Over the years, in re:learn by CcHUB’s work transforming STEM education in Nigeria, we have introduced the use of Digital Labs as an effective solution to address the above listed challenges.
Digital Labs are gamelike tools that simulate science concepts, helping students interact with erstwhile abstract and theoretical learnings in a fun and interactive way.
The image above is from a simulation that teaches Energy Forms and Changes, demonstrating the First Law of thermodynamics that states “Energy can neither be created nor destroyed but can be converted from one form to another”. By interacting with this digital lab, students are able to build their energy system, track and visualize how energy flows as well as changes through the system. Digital labs, encourage scientific inquiry and student agency, visualizes the invisible, provides interactivity and uses real world connections.
While they are not meant to replace physical laboratories, digital laboratories offer a whole new set of possibilities and options to overcome our most persistent challenges with students learning experiences and learning outcomes.
|Challenge||Physical Labs||Digital Labs|
|Cost (set up and maintenance||High cost to setup and maintain supplies||Relatively cheap, one off cost|
|Time saving||Pre-session preparation and post session clean up or store away||Oneoff preparation time required, (no clean up or store away)|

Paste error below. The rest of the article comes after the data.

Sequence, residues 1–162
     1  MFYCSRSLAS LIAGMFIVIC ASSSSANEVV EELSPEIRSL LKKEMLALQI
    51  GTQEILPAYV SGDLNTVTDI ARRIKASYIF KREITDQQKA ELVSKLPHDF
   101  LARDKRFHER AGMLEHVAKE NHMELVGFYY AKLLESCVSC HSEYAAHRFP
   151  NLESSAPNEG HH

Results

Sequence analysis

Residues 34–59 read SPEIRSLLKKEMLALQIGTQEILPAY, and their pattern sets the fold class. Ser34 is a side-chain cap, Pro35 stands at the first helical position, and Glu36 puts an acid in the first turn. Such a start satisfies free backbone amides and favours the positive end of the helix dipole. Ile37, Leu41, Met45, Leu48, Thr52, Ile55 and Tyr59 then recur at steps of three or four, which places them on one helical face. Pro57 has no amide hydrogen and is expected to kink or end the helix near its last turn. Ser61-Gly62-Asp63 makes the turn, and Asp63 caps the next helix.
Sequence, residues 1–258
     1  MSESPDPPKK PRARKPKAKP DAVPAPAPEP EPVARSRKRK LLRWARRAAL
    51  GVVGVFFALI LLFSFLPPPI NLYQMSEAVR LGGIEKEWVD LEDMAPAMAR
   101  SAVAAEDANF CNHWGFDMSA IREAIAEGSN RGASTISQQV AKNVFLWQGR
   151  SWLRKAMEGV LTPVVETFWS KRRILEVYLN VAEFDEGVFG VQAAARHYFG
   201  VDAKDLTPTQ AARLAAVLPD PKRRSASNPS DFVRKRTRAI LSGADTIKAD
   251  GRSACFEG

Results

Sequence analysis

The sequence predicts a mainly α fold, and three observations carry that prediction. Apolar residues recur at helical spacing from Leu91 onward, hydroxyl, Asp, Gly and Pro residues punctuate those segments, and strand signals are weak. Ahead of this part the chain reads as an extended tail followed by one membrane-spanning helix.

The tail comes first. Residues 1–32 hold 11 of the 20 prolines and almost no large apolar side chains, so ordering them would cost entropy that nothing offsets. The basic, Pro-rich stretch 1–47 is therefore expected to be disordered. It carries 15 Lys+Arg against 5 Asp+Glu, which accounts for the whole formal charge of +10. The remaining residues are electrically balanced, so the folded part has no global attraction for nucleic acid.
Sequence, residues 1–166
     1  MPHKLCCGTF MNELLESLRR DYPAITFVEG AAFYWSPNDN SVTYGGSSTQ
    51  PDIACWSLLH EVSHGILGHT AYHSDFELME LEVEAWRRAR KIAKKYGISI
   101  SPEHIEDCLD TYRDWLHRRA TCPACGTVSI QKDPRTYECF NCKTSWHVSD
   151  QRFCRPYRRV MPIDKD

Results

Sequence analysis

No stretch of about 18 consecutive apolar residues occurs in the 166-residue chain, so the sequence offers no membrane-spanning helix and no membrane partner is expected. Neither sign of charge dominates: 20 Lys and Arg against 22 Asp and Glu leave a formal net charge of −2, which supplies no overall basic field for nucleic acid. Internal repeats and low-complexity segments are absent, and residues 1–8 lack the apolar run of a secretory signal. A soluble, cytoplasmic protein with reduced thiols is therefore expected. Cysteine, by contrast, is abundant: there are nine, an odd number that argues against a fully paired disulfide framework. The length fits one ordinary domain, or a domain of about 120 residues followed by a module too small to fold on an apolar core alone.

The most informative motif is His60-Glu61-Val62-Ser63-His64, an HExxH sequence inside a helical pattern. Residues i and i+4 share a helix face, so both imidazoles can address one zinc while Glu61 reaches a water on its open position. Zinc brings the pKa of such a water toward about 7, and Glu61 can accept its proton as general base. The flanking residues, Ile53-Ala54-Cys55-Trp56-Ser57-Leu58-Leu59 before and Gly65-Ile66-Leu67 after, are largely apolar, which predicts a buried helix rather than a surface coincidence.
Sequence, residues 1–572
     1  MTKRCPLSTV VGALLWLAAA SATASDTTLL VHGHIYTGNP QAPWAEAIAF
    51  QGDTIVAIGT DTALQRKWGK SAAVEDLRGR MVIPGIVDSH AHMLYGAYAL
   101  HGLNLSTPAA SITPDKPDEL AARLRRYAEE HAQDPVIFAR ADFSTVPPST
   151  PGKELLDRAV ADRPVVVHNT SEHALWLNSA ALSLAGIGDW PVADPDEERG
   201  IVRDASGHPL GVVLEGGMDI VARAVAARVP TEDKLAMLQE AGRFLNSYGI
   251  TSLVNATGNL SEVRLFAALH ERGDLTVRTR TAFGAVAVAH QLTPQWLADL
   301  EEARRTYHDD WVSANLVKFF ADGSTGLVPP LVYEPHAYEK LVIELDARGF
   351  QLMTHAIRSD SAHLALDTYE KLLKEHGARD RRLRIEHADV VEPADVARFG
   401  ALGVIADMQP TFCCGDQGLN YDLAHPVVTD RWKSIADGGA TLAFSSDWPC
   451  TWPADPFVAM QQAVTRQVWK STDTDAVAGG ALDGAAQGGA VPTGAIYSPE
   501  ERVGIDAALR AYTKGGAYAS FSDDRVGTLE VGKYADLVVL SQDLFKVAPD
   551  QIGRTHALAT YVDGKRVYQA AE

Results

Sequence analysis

|Waste management||Spills and waste||No waste, no consumption of chemicals|
|Accessibility||Geographic constraints||Anytime, anywhere access with online and offline option|
|Supply||Depletable material||Easily repeatable|
Over the past 3 years, re:learn has used these digital labs to promote improved learning outcomes for STEM subjects students in schools across Nigeria and parts of Africa with two major projects:
STEM Club funded by the MacArthur Foundation
This project ran as a pilot in 3 Nigerian states (Lagos, Jigawa and Kano) with 20 schools and 700 students in year 10. Digital Labs that aligned to the curriculum for Physics, Chemistry, and Biology were curated and a team of trained educators worked with teachers to reinforce classroom learning of these concepts using the labs.
Teachers reported the following outcomes according to the end of project survey conducted.
- Students became more interested in science and had increased confidence in asking questions in class as well as taking tests and exams.
- Students demonstrated a better understanding of topics/concepts taught during the STEM Club sessions.